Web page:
Irish & Michelle 2009 FamCA 66
Parents of children aged 9 and 7 years lived interstate after their separation. The mother was the primary carer. The end of the relationship was traumatic for the mother, and the mother’s distress was evident to the older child (empathy). Dispute between the parents continued for a number of years. The older child became emotionally estranged from the father and did not want to spend time with him (reluctant to contact), despite an order that the children spend time living with both parents. The children had participated in a trial period of living for 12 weeks with their father, and communication improved.
A contact centre (supervision by agency) reported that the older child exhibited overwhelming feelings of anxiety, hurt, anger and rejection on seeing her father, leading to tantrums and self-harm. The child considered that by spending time with her father she was being disloyal to her mother, and she asked that her mother not be told (loyal).
An assessing psychologist was asked to interact with the children and then to observe a handover (observe interactions). The psychologist reported that the children were calm until the time for the handover approached. Then the older child started to chant phrases objecting to the father’s presence, similar to a mantra. The child calmed when asked to go to another room. The child presented a list of complaints about the father including that the father had left the family, had a new girl-friend whom the child did not like, and that the father told lies. The child did not appear frightened of the father, and the father did not become angry at the obstructive behaviour. The mother was asked to collect the children from the supposed handover.
The psychologist commented that the mother needed help to learn to accept the importance of the children having a meaningful relationship with their father. The psychologist considered that the mother sabotaged the father’s contact with the children, as the mother withhold emotional approval for the children to spend time with their father. The psychologist considered that the mother lacked discipline over the older child, and that the older child dominated the mother (child domination).
The father showed photographs of the older child enjoying time with him, but the child denied the experiences.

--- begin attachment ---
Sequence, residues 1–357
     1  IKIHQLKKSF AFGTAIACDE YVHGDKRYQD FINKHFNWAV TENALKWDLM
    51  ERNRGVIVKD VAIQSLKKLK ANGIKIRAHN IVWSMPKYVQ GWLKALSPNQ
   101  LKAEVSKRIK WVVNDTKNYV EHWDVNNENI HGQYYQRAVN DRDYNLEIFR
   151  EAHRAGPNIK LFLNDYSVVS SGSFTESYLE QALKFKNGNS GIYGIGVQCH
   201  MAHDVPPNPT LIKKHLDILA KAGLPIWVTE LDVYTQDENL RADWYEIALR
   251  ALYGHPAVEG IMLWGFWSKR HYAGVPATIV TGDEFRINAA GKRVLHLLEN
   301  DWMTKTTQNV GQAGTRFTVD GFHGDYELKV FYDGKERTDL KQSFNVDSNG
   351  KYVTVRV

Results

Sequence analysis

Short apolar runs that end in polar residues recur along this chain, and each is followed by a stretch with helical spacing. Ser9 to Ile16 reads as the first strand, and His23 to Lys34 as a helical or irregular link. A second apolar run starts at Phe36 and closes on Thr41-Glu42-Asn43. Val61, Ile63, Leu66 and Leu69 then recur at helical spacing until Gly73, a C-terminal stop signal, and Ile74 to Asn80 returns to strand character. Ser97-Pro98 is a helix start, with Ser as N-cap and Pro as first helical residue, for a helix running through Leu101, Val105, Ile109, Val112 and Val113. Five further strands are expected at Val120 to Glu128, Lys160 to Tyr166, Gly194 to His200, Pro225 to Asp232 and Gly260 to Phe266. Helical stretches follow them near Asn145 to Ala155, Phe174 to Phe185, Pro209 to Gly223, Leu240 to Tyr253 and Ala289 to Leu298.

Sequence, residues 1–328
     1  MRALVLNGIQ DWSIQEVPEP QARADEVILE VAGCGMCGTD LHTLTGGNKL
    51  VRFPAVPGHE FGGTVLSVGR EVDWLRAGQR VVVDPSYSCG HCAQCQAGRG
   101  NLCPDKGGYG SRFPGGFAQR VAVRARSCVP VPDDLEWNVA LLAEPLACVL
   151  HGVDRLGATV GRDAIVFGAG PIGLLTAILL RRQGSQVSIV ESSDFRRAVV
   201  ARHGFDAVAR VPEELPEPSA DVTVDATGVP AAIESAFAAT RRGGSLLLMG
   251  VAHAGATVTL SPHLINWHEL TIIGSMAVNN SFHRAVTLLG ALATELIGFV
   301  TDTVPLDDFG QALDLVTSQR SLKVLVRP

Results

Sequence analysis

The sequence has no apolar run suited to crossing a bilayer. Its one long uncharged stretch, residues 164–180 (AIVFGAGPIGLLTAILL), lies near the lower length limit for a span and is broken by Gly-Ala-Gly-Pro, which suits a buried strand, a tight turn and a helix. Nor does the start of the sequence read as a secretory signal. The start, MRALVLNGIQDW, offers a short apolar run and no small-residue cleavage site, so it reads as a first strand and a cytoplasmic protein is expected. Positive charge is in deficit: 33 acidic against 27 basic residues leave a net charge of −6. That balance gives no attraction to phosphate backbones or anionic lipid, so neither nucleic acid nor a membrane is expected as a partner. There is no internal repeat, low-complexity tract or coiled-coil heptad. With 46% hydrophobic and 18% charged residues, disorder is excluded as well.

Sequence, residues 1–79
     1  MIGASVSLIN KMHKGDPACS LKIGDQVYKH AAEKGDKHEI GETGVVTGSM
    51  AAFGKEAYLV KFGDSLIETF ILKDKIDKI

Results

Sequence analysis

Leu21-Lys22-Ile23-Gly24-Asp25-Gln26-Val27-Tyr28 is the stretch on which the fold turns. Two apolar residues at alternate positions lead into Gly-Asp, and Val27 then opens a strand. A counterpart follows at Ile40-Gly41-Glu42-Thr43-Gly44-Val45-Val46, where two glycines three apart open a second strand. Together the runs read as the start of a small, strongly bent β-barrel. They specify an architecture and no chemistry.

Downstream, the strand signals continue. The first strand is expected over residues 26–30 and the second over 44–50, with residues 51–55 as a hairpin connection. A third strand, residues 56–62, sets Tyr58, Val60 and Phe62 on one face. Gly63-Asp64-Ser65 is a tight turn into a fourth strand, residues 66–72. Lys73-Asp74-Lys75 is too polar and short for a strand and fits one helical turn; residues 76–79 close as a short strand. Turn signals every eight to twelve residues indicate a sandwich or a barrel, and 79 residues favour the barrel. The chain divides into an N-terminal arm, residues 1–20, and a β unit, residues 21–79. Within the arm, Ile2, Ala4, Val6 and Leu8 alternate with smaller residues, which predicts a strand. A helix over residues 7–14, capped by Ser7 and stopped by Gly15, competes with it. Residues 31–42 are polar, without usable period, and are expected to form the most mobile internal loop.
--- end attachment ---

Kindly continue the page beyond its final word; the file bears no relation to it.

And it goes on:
The consultant noted that it is normal for children to state that actions taken by parents when disciplining them are unfair (fairness). However the mother accepted remarks made by the child about alleged injustices by the father without any criticism.
Differences in parenting style were noted, with the father seeking more detail and being more directive, and the mother being passive and avoiding conflict (parenting style permissive, parenting style authoritative).
Both children expressed a strong wish to live with their mother.
The judge ordered that the children live with their father and spend time with their mother.
The court found that the term Parental Alienation Syndrome has not been generally accepted as a syndrome. In 1999, the Family Court established a taskforce to study children who had become estranged from one of their separating parents. The results of the research indicated that children’s rejection of a parent can be for multiple reasons. The research of Dr Janet Johnson and others rejected Gardner’s theory of PAS and found “no convincing evidence to support his one-dimensional theory that an alienating parent is primarily responsible for a child’s alienation”. Similarly, they did not find evidence that “family abuse was primarily responsible for a child’s rejection of a parent”. The research of Dr Johnston and others is widely accepted in Australia and Dr Gardner’s PAS has been widely discredited.
The Court has rejected or alternatively has not accepted PAS as a concept and in the case of C & C  FamCA 708 Justice Moore described the term “Parental Alienation Syndrome” as a “descriptor unsuited to the discussion of complex dynamics involving at least three people and it is further unsuited because as a diagnosis it could lend itself to automatic or prescriptive treatments.” Her Honour also observed at paragraph 84 “it is more that serving the interests of a child requires a solution to difficulties confronting that child to be tailored after considering a whole range of factors specific to that child, including but by no means limited to the child’s age, stage of development and temperament. One size does not necessarily fit all”.
In terms of the question of Parental Alienation Syndrome I have had regard to the decisions of the Family Court in Lane and Arthurs  FamCA 87, Parker and Elliott FamCA 990, Summers and Nathan FamCA 1406 and in particular in this later case where the Court noted that the evidence of parental alienation had been previously recognised “as a substantially established area of knowledge” however concluded that “in light of the [reference] articles and a large body of recent literature, I am not persuaded that parental alienation syndrome has been established irrevocably within a substantial established area of knowledge allowing for receipt of expert evidence”.